The fact that a lot of firms don’t have the same HR and recruiting structures as the fortune 500 firms and large professional service firms was a real challenge.
Most of the firms I was targeting do not have a career page on their website, job listings, or even an HR contact; hence you don’t even know who is hiring, when they are hiring and for what roles.
I overcame this by networking, constantly reaching out to people, and asking for further introductions when possible. Also, leverage headhunters to find out what jobs are on the market can be helpful.
Besides networking (there was still room for more though), relationship building with people who are involved in hiring decisions makes a big difference.
For example, for one of the jobs I got I had been in touch with HR and the hiring manager over a period of 5+ months.
I learned that the decision to offer me the position was based on how I sold my soft skills, the interest/passion that I had for working in a product centric company, particularly one where a lot of passion (heart) was involved in selling the product such as luxury goods.
2) Lack of transparency:
There aren’t as many resources providing insight on the industry, players and firm structures. Since you don’t know what roles are available, you have to write a lot of general interest letters.
For example I wrote to a number of firms saying I was interested in business development, I had an understanding of what that meant, but many firms don’t have such a function, (it is tied up under a different activity and often isn’t a standalone function).
What is termed as marketing (i.e brand management, market research, consumer insights), is not the same in all firms. For some firms marketing is communications, particularly in retail.
So spend time understanding how each firm functions and how it defines each of its roles.
By reaching out to alumni working in the industry and other industry professionals, I learned about what their roles entailed and what roles they felt would be most adequate for me.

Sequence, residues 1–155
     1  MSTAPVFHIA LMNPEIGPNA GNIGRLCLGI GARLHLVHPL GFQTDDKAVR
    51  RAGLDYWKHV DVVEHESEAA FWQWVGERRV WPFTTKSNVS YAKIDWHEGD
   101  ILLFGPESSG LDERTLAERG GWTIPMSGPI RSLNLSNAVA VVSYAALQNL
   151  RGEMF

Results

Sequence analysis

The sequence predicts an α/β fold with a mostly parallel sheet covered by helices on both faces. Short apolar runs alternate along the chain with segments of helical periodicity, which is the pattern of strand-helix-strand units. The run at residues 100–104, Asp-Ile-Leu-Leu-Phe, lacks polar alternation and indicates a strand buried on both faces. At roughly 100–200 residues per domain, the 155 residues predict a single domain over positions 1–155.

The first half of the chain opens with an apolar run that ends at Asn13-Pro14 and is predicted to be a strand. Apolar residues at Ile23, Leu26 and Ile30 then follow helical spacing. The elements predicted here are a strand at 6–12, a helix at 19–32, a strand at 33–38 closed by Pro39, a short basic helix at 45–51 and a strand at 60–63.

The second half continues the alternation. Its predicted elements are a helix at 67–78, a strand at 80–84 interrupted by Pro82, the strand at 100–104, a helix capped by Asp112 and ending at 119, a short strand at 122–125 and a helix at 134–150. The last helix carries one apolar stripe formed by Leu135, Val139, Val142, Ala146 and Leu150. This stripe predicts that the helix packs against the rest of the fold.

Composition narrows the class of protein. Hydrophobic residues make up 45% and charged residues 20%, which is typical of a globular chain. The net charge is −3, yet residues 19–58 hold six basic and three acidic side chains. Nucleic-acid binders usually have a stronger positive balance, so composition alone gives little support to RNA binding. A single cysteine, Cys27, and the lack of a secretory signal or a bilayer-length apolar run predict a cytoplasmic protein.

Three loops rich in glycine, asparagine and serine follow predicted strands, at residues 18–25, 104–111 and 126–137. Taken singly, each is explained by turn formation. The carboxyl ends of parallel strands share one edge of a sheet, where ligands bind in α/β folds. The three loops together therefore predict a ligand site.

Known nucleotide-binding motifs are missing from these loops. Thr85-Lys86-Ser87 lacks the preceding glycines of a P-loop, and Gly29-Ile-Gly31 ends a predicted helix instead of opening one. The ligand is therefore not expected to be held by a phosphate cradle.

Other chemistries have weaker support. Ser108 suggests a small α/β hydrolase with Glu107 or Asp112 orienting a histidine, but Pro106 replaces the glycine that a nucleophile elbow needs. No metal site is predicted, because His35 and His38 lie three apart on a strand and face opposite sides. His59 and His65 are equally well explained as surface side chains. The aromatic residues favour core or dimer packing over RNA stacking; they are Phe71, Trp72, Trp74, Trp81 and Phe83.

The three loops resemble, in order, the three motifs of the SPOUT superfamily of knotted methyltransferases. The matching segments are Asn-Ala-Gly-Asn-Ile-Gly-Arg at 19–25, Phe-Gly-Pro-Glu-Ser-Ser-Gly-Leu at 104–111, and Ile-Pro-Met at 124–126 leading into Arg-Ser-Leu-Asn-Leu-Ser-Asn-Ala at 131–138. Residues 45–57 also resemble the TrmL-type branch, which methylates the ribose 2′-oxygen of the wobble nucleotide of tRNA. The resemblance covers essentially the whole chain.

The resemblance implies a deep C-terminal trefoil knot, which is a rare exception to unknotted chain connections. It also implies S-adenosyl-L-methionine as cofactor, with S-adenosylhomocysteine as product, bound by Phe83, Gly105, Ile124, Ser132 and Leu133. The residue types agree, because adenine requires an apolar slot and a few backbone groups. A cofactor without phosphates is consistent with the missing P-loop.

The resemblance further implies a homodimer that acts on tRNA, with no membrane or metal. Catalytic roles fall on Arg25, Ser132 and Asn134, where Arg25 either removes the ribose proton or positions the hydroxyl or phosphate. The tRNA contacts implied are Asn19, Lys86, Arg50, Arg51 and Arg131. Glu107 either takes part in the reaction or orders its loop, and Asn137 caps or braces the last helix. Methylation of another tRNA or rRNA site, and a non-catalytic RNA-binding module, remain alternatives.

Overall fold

This was more the luck of the draw, finding a firm that was willing to go through the trouble of applying for working permits for you.
However, I had done a lot of research on the different options and could propose potential solutions which were helpful when negotiating with the firm I ultimately joined.
What final tips do you have for anyone planning to rebrand themselves?
After being here now for a year, I can truly say that most of things you will need to do can be learned.
However, be patient with yourself: some things such as the insight and feel for the market, clients and products will take a lot longer. Focus on your soft skills and that will help you navigate the transition successfully.
In terms of securing your dream job in a new industry, function or geography, make sure to invest in research.
And the best source of information out there is through people: so arrange a lot of informational meetings with alumni of your school and other people in your network.
If possible get an internship, work on a project even if unpaid in the industry of choice. This will help you gain a better understanding of the dynamics and structure of the market and the industry jargon
I wish all of you considering a career change success. Share your comments here on how you are planning use your MBA degree to transition into a new career.